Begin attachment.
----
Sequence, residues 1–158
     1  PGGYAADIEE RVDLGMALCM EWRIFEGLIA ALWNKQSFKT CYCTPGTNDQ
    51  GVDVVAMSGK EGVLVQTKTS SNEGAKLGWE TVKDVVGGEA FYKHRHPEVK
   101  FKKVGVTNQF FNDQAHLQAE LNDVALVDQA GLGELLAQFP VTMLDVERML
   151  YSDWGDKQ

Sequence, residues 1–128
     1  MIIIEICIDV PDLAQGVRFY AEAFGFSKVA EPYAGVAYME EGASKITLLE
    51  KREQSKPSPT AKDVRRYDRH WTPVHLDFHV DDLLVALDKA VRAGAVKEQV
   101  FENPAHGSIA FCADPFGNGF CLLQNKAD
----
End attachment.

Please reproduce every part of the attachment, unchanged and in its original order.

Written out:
Sequence, residues 1–158
     1  PGGYAADIEE RVDLGMALCM EWRIFEGLIA ALWNKQSFKT CYCTPGTNDQ
    51  GVDVVAMSGK EGVLVQTKTS SNEGAKLGWE TVKDVVGGEA FYKHRHPEVK
   101  FKKVGVTNQF FNDQAHLQAE LNDVALVDQA GLGELLAQFP VTMLDVERML
   151  YSDWGDKQ

Sequence, residues 1–128
     1  MIIIEICIDV PDLAQGVRFY AEAFGFSKVA EPYAGVAYME EGASKITLLE
    51  KREQSKPSPT AKDVRRYDRH WTPVHLDFHV DDLLVALDKA VRAGAVKEQV
   101  FENPAHGSIA FCADPFGNGF CLLQNKAD